Plus 5 fin-tastic facts about Shark Week
Fin-atics everywhere can’t wait to dive into Shark Week.
When the first Shark Week, a 10-show lineup of all things sharks, aired on the Discovery Channel 30 years ago this Sunday, few thought it would become the massive TV event that it is today.
But the network knew it was onto something big when the channel’s primetime average ratings nearly doubled that week in 1988. So Discovery brought Shark Week back the following year with even more shows including “Shark: Maneater or Myth?”, “Shark Hunters of Achill Island” and “Sharks of San Francisco.” Now, the cultural phenomenon that Stephen Colbert once deemed “one of the two holiest of holidays,” has become the longest-running programming block in cable television history, pulling in an audience of more than 20 million views every year since 1995.
So why has Shark Week made such a splash? It all starts with a killer subject that both frightens and fascinates people, says Shark Week host Paul De Gelder. “While marketing is essential … the sharks really are their own marketing point,” he told Moneyish. “Sharks are one of the animals people go their whole lives without seeing … the sharks do things you so rarely get to witness, except when you see them on Shark Week.”
Of course, America’s obsession with sharks didn’t begin with Shark Week — it dates back to the 1975 Steven Spielberg movie “Jaws,” says Marc Berman, TV analyst and creator of the Programming Insider. The shark classic, which remains the seventh highest grossing film of all time, made almost $500 million worldwide in box office revenues. And movies like the 1999 sci-fi horror flick“Deep Blue Sea” and 2013’s SyFy’s surprise B-movie sensation “Sharknado” only added to the feeding frenzy. In fact, “Sharknado” went viral when it first aired in 2013 and garnered 318,232 tweets that night — and up to 5,000 tweets per minute.
But Discovery holds a special place in shark history thanks to the fact that it gets some of the best footage of sharks in the world, such as robot-sub fitted with six cameras that filmed great white sharks off the coast of Mexico’s Guadalupe Island in the 2014 show “Jaws Strikes Back.” “Quite honestly, it’s brilliant profiling material,” Berman says.
The daring antics of the hosts — Gelder is a former Australian army paratrooper who lost two limbs to a brutal shark attack in 2009 — don’t hurt, either. “We risk our lives to make things,” said Gelder, who will spend 48 hours in shark-infested waters with no food, water or sleep for this year’s Shark Week.
And the TV event only happens annually, which builds anticipation among audiences: “Once a year, every summer, the audience knows they’re gonna get it, so they tune in,” says Berman.
The 30-year programming phenomenon has maintained a cult-like following and grown into a franchise that even boasts shark-themed merchandise like $20 to $25 t-shirts, or socks and pillows at about $20 each. Apart from the estimated $50 million that the yearly Discovery event makes from advertising alone, that Shark Week merch rakes in an additional $10 million. “When they decided to start something with sharks, it resonated. Every show they put on kept getting an audience, and people reacted to it,” Berman added.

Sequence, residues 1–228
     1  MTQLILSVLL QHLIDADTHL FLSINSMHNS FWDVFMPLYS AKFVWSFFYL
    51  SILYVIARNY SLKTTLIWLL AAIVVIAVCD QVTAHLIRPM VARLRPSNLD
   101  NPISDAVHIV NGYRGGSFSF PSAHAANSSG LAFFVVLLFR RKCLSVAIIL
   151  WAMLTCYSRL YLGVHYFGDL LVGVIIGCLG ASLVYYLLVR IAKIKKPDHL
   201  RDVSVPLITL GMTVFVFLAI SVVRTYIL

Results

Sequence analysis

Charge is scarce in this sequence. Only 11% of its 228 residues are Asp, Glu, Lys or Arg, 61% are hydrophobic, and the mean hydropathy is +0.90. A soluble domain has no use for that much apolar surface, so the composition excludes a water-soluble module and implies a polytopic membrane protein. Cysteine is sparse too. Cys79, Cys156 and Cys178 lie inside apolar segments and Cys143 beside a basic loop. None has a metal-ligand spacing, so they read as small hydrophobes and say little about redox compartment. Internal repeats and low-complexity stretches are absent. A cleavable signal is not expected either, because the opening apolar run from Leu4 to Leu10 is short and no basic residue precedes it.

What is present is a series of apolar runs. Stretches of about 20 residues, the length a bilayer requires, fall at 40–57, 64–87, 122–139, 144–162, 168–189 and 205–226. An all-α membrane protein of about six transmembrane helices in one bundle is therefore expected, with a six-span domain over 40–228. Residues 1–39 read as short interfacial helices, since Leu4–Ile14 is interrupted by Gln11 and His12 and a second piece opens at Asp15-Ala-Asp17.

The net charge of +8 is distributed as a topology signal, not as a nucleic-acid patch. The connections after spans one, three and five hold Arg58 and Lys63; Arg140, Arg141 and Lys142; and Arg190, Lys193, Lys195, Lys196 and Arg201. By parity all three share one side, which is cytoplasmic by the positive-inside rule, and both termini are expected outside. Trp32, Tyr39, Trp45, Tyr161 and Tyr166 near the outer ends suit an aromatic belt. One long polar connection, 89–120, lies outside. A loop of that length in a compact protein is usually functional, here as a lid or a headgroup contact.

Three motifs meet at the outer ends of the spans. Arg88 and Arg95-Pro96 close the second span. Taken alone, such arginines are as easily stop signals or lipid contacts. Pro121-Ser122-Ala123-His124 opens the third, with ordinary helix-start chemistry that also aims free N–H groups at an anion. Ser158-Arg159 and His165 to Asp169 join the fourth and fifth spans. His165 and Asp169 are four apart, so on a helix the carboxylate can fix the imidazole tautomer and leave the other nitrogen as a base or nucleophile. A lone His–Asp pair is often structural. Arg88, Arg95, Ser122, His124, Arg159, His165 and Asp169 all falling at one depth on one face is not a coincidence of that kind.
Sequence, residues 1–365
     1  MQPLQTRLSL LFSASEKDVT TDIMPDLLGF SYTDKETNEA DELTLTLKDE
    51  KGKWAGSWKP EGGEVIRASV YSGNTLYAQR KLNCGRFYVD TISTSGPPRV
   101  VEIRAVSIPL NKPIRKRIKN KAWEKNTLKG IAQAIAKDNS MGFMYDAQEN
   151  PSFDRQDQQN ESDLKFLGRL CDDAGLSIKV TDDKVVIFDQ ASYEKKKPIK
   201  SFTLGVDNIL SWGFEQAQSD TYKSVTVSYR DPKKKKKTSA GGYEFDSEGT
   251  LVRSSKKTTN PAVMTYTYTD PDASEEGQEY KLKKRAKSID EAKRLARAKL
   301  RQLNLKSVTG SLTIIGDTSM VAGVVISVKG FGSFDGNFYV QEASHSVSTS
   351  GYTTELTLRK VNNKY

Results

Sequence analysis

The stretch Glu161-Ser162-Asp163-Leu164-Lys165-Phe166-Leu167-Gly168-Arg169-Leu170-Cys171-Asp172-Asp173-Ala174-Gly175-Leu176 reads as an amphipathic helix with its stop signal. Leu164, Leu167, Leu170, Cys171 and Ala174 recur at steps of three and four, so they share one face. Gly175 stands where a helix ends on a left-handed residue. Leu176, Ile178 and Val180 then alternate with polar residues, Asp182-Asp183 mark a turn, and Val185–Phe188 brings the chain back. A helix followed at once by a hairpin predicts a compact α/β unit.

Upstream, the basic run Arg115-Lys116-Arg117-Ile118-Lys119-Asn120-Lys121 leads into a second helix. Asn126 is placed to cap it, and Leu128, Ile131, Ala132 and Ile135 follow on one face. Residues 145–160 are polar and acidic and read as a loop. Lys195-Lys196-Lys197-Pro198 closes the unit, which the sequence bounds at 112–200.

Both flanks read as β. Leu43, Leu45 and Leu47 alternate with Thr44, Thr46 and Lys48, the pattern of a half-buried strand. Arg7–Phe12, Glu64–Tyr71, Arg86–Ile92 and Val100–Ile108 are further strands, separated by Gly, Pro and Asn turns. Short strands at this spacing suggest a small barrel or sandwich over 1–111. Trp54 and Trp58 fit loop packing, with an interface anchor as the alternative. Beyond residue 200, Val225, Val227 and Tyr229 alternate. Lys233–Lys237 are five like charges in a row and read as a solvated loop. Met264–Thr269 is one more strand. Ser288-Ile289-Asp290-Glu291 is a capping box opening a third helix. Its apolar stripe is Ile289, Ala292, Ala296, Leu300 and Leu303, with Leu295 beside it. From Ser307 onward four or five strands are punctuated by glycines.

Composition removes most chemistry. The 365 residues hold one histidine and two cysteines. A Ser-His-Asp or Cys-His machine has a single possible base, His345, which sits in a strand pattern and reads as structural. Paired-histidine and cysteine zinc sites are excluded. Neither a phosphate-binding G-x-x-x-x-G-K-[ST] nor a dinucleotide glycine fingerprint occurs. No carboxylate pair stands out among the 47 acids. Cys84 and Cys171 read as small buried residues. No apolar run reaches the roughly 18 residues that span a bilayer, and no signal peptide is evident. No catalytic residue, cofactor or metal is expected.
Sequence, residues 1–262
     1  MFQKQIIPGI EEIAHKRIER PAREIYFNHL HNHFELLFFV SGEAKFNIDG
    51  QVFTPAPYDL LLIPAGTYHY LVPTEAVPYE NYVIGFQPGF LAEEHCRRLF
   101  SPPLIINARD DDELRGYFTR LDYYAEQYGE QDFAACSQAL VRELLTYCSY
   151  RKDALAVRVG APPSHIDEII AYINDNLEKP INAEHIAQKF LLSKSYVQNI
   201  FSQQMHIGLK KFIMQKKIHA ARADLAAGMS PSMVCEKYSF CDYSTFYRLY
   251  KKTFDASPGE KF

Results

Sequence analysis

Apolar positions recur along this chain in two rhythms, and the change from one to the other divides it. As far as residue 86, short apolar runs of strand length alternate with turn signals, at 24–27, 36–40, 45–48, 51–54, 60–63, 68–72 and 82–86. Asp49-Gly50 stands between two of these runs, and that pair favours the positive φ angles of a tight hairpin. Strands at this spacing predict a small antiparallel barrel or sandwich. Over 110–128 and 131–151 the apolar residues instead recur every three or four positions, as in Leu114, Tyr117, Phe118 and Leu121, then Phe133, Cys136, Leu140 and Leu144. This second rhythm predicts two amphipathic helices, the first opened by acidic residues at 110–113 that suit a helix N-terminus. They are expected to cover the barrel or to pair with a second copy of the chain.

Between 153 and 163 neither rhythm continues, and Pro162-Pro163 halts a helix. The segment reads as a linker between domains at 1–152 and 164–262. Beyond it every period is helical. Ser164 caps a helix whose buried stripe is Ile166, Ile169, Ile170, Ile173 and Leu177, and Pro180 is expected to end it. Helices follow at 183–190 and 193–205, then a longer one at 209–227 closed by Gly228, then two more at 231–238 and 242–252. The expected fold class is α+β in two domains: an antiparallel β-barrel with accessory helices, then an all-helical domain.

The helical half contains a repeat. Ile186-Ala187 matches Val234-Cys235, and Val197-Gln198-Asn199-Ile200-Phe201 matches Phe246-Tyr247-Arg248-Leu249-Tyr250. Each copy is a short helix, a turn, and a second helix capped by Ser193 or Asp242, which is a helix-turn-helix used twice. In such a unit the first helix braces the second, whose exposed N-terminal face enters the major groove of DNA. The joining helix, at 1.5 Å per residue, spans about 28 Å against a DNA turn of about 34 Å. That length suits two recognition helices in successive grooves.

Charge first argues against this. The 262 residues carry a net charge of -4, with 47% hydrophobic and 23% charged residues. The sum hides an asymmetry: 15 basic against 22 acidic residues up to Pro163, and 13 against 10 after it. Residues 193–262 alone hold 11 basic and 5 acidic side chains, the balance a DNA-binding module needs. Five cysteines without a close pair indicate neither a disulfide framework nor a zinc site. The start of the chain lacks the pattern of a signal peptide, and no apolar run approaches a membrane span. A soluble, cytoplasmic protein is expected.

But beyond the event’s entertainment factor, Gelder hopes the audience can learn to respect and protect the animals that a lot of people fear enough to kill. While there were just 88 unprovoked shark attacks and five deaths from sharks worldwide is 2017, according to research from the university of Florida, more than 100 million sharks were killed by industrial fishing, according to conservation nonprofit, Oceana. So every year Discovery Channel runs anti-fining PSAs throughout the week.
Whether we’re scared or not quite sure how we feel about the great sea predators, Shark Week still has got many people hooked. So in celebration of its 30th anniversary, here are five fin-tastic highlights, many courtesy of Discovery, to get you excited about the week ahead:
1. Celebs go gaga for Shark Week. Not only is Stephen Colbert a fan, so are actresses Evan Rachel Wood and Snooki, and comedians Conan O’Brien and Jimmy Fallon. And one of NBC hit “30 Rock’s” most famous lines comes from Tracy Morgan’s character inspiring a coworker to “Live every week like it’s Shark Week.”
#sharkweek all night baby! ❤
— Nicole Polizzi (@snooki) August 8, 2013
2. Shark Week has become insanely popular. In 2000, the TV event reeled in an average of 2.35 million live and same day audience viewers. Last year, viewers could watch Shark Week in more than 220 countries, and viewership hit 15 million at its peak.
3. “Jaws” author Peter Benchley, who wrote the best-selling novel behind the blockbuster movie, became Shark Week’s first host in 1994 for the book’s 20th anniversary. Benchley introduced each shark special from a different location where the “Jaws” motion picture was filmed.
4. Size and splash matter. Viewers were able to get live footage of great white sharks launching themselves 15 feet above water for the first time in the 2001 “Air Jaws” feature — the fourth most-watched Shark Week special. And in 2015, the “Island of the Mega Shark” show featured the largest great white ever filmed — a female shark that was more than 20 feet long. But in fact, the largest shark ever to be featured on the series was a whale shark, the world’s largest fish, which is estimated to weigh a ton and measures up to 40 feet long, on average.
5. During last year’s special, Olympic medalist Michael Phelps squared off against a CGI shark, and racked in more than 5 million viewers nation-wide, making it the most watched Shark Week special ever.
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